FIT AND HEALTHY AT UNIVERSITY
Studying, as we all know, can be really time-consuming and stressful. Being busy with preparations for exams and assignments usually means we rarely have time for hobbies that exclude partying, clubbing, or whatever type of social life you take with your drinking.
However, the Latin phrase, Mens sana in corpore sano, translated as ‘healthy mind in a healthy body’, is spot on and a key thing to remember when it comes to our well-being and success at university.
Easier said than done, but it is definitely worth giving it a shot. And while you are at it, why not hitting two birds with one stone (strictly so to speak!) and try something new?
So what is that sport called again?
Handball. Have you ever heard of it? Seen a game or even tried playing yourself? It’s fair to say most people haven’t, but why is that?
While handball is one of the most played and supported sports in mainland Europe and the Scandinavians, it is far from being popular in the UK.
According to Sports Gazette, ‘Handball’s status as a minority sport is confirmed by Sport England’s estimation that in 2018 there were 25,500 people participating in handball at all levels, compared to 11 million in football.’ One reason for this might be that ‘Handball is not funded by UK Sports,’ as Sport Gazette explains further, ‘Instead, the sport relies on funding from Sport England.’
Nevertheless, handball is an amazing, very interactive and rewarding sport, and most universities in the UK provide the opportunity for you to have a first-hand experience with it. It’s easy to play and requires little equipment (all you need is a ball and people to play with).
When talking about the sport, ex-handball player for Great Britain, Bobby White, says, ‘Handball is such a fantastic sport. Every person I’ve ever introduced to handball falls in love with it immediately.’
And here’s how you do it.
Traditional handball consists of two teams of six field players, plus one goalkeeper for each team. The aim is to score goals by passing to your team mates and putting the ball into the other team’s goal.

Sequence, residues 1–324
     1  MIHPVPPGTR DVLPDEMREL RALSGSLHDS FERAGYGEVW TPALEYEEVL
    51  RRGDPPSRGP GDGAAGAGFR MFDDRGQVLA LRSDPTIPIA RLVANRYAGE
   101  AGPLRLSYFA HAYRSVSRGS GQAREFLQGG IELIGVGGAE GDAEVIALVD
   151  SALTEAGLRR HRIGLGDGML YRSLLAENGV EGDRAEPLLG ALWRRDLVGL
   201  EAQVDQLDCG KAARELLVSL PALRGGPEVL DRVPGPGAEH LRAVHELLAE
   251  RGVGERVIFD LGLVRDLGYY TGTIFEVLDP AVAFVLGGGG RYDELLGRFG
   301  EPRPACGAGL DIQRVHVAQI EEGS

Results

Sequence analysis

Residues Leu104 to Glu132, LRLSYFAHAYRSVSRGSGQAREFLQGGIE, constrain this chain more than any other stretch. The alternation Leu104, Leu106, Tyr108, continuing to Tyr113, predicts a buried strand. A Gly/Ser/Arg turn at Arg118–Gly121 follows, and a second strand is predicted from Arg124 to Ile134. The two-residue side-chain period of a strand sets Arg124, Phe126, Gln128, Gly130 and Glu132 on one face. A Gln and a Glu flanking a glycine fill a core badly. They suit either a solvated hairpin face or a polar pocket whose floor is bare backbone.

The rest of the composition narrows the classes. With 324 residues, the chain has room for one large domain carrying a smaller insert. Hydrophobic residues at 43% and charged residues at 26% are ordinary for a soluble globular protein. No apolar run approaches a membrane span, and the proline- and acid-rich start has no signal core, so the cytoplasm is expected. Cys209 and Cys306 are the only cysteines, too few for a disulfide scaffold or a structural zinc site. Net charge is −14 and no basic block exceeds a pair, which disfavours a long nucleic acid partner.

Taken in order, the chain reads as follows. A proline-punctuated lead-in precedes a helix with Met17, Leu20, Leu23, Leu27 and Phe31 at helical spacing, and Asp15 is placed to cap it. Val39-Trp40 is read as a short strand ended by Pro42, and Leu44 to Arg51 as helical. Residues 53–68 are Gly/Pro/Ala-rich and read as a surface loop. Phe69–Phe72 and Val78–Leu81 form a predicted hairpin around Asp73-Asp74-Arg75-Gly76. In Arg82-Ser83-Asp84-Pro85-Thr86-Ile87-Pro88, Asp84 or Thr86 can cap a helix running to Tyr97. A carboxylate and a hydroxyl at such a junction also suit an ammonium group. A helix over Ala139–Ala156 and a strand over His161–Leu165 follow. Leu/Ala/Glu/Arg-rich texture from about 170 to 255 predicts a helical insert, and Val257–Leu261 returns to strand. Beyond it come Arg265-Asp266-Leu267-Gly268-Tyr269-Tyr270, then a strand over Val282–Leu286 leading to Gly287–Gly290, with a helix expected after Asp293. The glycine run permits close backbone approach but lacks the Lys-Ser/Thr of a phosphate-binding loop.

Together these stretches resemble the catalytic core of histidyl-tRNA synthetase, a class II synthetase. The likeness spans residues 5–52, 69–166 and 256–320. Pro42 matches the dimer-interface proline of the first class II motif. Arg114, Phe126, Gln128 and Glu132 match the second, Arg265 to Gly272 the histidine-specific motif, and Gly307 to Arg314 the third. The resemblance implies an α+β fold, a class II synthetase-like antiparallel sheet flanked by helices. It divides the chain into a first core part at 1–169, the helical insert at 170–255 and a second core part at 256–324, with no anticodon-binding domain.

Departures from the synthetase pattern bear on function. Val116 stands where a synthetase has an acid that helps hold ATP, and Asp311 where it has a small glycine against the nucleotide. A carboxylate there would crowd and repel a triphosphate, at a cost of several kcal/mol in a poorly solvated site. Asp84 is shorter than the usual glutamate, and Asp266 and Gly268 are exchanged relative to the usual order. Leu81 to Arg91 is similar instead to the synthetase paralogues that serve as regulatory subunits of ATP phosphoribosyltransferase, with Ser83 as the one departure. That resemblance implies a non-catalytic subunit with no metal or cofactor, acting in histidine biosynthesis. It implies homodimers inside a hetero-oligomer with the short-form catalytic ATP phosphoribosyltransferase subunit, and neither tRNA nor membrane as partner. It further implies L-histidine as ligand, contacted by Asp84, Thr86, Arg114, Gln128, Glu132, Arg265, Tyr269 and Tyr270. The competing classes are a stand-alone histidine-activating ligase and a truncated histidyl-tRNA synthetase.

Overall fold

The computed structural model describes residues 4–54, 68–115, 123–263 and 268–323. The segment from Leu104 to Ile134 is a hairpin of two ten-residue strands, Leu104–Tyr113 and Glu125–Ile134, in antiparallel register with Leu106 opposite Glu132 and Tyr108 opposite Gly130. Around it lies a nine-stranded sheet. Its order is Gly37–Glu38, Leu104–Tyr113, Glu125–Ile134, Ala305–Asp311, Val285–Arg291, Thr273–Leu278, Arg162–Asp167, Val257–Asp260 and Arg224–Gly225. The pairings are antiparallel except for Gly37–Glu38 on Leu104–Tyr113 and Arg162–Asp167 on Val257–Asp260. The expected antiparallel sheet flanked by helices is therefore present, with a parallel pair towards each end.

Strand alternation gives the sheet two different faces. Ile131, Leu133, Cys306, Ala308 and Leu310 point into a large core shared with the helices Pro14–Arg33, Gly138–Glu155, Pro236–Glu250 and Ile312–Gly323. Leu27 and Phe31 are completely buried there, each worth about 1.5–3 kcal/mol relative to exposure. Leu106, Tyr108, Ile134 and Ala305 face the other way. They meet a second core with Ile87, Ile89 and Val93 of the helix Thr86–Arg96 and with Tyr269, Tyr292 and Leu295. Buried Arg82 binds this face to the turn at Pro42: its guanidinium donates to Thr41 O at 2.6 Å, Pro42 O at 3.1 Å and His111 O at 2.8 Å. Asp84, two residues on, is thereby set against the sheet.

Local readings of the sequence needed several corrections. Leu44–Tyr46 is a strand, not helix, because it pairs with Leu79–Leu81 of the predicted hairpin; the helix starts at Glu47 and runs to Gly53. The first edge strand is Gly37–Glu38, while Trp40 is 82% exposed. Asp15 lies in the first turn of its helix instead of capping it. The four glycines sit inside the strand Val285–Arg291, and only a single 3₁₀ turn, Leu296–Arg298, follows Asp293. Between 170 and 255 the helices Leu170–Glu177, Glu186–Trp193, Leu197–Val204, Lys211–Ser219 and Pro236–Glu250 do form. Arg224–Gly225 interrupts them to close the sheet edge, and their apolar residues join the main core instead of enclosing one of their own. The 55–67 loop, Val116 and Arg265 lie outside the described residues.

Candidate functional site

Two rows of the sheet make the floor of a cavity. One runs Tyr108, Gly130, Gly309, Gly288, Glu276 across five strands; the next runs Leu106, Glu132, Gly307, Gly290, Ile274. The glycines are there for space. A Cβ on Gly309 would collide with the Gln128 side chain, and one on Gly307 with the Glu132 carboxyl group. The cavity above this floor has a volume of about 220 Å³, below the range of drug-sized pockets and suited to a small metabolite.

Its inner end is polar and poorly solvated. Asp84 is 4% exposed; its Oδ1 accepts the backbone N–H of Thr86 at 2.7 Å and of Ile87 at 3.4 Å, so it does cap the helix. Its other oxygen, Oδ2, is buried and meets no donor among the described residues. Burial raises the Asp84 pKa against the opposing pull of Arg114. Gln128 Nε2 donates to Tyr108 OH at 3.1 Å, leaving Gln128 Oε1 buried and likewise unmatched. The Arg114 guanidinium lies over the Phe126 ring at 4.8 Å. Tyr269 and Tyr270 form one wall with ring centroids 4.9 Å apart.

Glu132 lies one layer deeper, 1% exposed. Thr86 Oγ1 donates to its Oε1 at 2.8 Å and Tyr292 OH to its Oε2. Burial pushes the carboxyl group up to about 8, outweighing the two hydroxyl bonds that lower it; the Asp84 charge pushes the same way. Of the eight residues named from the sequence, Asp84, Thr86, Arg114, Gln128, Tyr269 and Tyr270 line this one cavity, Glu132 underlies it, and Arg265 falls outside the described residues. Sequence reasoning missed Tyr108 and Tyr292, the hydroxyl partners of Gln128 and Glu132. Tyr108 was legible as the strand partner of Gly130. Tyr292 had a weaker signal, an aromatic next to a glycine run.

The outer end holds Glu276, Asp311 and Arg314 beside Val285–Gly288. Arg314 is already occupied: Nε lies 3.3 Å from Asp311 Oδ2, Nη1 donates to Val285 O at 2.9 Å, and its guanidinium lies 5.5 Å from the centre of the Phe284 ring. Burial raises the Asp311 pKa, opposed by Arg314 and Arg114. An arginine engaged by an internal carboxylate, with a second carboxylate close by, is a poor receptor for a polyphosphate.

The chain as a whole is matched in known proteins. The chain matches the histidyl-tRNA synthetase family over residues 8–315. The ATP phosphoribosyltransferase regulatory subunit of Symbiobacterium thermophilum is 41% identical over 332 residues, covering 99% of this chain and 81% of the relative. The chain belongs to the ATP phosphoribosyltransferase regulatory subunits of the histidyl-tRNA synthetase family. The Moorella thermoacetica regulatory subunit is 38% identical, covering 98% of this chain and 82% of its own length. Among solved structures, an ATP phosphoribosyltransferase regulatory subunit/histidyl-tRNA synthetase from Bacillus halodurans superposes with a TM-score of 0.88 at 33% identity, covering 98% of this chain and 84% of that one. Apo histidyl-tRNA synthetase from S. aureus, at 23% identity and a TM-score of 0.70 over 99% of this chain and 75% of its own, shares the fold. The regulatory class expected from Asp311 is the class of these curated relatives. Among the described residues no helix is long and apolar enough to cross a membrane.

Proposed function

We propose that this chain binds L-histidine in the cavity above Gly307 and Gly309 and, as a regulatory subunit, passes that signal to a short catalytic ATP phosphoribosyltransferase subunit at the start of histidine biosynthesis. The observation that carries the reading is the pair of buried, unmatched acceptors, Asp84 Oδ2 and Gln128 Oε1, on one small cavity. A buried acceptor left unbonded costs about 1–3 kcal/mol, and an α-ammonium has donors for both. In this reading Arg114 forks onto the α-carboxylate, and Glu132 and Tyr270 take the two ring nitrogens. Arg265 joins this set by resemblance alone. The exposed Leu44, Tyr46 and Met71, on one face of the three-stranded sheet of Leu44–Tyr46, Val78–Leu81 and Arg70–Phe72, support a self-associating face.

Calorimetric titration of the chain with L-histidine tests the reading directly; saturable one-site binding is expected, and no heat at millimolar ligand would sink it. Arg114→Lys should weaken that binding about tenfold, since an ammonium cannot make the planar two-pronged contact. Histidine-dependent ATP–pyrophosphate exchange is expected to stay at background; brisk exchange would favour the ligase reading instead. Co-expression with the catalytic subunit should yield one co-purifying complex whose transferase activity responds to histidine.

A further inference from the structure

Playing positions in Handball
For each team, there are two wingers, two full backs, a centre player and a pivot (also known as a ‘line player’ of ‘circle runner’).
After receiving the ball, a player can keep possession, pass it further or shoot.
While in possession of the ball, a player must dribble. Up to three steps with the ball are allowed without dribbling, but then the player must pass the ball or shoot. Keeping the ball without passing or moving for too long (that’s longer than 3 seconds) results in a foul, and the other team must be given the possession of the ball.
Both attacking and defending players are not allowed to step on the goal line or into the 6 metre goal area.
The ball can only be passed to the goalkeeper, when she or he is outside of the goal area.
The match consists of two halves of 30 minutes, with 15 minutes half-time. If a match ends in a draw, the winning team is determined in a penalty shootout.
There’s a disability option – wheelchair handball
The rules in wheelchair handball are based on traditional handball, with small changes and variations. The main aim of wheelchair handball is to have fun rather than to win and be competitive. Many would probably agree that this should be the aim of every game there is.
What is the prediction for Handball in the future?
In March 2019, Bobby White told Sports Gazette, ‘I think handball is in a great position to develop over the next few years’ and BBC Sport, reports that even though handball is not that popular at the moment, ‘that will only change.’
So are you up to trying a new and exciting sport this academic year while staying fit and even make lots of new friends? If yes, then handball can be just the thing you need.
A perfect way to find out if your university has a handball team is during the induction weeks. Alternatively, you should contact your uni’s sport facilities and enquire if they have a handball team and how you can join.